… recently, three other films have appeared. They’re not Lomography films, nor are they coming from Kodak or Fujifilm, the last two giant colour film producers. These three films come instead from Russia’s Silberra, a boutique film brand which has until recently concentrated on black-and-white film.
Silberra’s colour films span a trio of medium-speed ISOs: 50, 100 and 160. Where exactly they come from is a little bit of a mystery. The company’s own website offers little info, and in fact didn’t even list the 160 version of the film before a consignment of it arrived at London’s Photographers Gallery at the end of 2020, who gave me a roll of it to test.
A lot of 35mm film has been discontinued over the last few years. We list ADOX Silvermax and SCALA 160, Fujicolor Pro 400H, and FujiChrome Velvia 100. This has driven up the price of remaining stock and the costs of other 35mm films as photographers seek alternatives. A single 36 exposure roll of Fujifilm Pro 400H sells for over $40 on Amazon.com, the only store where I have seen the film, listed for sale. But what the universe taketh away, it also giveth.
After reading Stephen’s experience report, I decided to give Silberra Color 160 a try. I ordered a single roll from Blue Moon Camera ($11) and exposed the roll during September and October. I captured various subjects under varied lighting conditions. I only sent the film roll to Boutique Film Lab for processing ($5+$10 shipping). The developed and uncut negatives arrived this week, and yesterday I scanned them in using the Epson Perfection V600, Silverfast 9 and Negative Lab Pro. I followed the same guidelines for scanning and processing the scanned images I used for Kodak Pro Image 100. The recent update to Negative Lab Pro promised even better results, so I was excited.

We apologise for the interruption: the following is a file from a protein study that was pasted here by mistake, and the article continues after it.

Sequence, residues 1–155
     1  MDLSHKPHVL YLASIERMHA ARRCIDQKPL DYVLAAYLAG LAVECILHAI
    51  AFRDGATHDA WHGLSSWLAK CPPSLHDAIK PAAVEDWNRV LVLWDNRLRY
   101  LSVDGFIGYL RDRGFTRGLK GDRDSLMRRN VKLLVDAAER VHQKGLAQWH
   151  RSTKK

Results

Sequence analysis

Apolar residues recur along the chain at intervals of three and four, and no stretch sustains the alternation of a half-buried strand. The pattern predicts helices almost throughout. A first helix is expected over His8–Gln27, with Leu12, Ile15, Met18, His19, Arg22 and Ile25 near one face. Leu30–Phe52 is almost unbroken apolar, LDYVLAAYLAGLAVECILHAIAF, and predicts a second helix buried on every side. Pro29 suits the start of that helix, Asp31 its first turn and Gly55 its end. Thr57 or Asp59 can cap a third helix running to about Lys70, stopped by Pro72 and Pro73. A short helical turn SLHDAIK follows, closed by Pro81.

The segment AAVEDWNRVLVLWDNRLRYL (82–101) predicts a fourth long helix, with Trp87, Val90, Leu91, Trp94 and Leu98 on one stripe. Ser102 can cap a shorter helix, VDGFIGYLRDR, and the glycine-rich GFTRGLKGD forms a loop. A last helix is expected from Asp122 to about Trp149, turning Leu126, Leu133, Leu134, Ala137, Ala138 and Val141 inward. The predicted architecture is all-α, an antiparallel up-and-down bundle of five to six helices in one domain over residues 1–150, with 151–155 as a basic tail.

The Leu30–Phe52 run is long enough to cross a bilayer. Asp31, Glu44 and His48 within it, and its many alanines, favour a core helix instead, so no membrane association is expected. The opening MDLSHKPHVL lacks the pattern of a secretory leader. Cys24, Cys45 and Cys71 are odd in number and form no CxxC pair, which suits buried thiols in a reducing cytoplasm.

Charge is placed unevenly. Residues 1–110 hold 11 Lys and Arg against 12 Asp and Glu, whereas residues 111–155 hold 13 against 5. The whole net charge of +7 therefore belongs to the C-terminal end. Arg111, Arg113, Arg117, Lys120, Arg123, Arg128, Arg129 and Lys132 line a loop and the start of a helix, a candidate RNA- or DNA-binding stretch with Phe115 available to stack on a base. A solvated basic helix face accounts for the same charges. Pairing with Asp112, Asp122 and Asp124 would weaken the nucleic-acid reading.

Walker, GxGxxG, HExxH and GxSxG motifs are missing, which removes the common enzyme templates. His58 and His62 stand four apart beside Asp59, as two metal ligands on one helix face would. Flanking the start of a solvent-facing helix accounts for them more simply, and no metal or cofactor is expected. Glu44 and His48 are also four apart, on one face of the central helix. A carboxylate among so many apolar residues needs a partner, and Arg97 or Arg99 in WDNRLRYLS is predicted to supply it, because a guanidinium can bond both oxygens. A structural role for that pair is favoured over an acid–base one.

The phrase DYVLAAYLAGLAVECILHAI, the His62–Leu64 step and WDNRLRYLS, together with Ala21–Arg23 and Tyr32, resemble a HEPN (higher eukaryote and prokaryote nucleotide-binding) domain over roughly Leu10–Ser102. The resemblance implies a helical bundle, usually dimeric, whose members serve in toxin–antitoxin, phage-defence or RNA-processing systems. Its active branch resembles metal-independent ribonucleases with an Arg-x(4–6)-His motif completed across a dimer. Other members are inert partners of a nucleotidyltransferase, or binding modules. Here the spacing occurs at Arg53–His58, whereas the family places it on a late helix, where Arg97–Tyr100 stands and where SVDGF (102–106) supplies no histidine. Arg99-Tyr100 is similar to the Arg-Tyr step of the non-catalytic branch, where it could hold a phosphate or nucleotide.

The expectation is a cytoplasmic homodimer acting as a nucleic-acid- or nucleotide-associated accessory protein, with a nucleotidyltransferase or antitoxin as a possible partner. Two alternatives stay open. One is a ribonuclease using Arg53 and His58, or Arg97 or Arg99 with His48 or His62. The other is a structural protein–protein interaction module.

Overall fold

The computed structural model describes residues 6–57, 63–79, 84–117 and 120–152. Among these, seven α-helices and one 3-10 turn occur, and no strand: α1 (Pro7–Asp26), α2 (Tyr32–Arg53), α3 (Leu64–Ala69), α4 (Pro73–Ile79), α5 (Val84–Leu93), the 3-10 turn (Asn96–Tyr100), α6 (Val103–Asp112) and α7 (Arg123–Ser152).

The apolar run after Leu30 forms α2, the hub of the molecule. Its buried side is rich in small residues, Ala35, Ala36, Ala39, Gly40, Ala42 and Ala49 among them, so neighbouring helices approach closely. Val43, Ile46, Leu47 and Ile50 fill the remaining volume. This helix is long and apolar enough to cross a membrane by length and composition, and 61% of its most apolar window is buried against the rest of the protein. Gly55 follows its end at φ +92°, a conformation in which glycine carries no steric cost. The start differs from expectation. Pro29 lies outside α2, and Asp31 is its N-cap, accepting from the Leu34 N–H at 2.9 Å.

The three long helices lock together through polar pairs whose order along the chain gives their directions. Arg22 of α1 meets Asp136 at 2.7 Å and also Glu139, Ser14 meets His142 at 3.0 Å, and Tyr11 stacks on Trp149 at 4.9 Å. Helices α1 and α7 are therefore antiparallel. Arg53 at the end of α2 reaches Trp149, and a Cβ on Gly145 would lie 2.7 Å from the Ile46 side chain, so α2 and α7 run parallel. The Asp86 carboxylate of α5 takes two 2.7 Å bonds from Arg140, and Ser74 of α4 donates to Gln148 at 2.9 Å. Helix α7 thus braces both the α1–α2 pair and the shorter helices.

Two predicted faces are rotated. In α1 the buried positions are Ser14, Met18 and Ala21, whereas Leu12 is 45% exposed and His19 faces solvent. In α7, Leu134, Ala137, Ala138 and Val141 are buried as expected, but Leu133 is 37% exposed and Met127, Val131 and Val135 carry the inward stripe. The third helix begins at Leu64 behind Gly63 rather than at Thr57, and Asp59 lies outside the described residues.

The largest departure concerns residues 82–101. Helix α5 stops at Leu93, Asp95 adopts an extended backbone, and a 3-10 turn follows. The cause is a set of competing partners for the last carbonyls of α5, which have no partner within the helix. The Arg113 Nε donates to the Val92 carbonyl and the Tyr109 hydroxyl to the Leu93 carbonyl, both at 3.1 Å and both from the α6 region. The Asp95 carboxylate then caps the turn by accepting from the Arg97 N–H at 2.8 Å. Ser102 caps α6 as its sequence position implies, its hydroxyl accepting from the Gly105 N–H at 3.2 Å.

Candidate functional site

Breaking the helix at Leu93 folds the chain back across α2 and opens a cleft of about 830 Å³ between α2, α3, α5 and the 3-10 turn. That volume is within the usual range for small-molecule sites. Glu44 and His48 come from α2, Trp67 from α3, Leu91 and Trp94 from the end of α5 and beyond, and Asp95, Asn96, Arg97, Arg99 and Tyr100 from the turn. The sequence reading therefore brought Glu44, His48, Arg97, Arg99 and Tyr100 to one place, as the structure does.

The number of keepers from the roll of 36 was relatively low. Many of the images were out of focus or blurry. I’ll admit that I am still re-learning how to use 35m films (after a 30-year hiatus), but I got more keepers when using Kodak Pro Image 100 or Kodak Vision 250D. I like how darker skin tones are rendered in Kodak Pro Image 100. Overall the images seem more neutral. I don’t particularly appreciate how Silberra renders skin tones.
I am disappointed with the result, but I am still happy I could try this 35mm film. I learned that Kodak Pro Image 100 might be the ideal and currently available 35mm film that produces results that I like. I think I’ll be sticking to that for a while. At least until Kodak discontinues that film.